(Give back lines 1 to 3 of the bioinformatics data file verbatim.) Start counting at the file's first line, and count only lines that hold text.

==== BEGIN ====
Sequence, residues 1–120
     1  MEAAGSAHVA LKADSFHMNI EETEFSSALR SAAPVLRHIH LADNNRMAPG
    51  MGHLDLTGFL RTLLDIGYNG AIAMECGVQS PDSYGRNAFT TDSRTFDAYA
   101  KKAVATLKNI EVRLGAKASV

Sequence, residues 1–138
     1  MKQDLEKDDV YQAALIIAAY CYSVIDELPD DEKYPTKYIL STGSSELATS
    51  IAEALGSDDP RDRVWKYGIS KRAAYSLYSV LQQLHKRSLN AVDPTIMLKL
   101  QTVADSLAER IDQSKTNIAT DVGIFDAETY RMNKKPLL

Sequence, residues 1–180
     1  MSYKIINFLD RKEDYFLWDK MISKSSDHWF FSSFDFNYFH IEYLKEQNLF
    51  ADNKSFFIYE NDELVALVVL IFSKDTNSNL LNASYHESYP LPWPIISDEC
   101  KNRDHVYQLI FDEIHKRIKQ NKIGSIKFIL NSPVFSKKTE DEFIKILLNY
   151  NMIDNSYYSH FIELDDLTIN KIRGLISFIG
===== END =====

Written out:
Sequence, residues 1–120
     1  MEAAGSAHVA LKADSFHMNI EETEFSSALR SAAPVLRHIH LADNNRMAPG
    51  MGHLDLTGFL RTLLDIGYNG AIAMECGVQS PDSYGRNAFT TDSRTFDAYA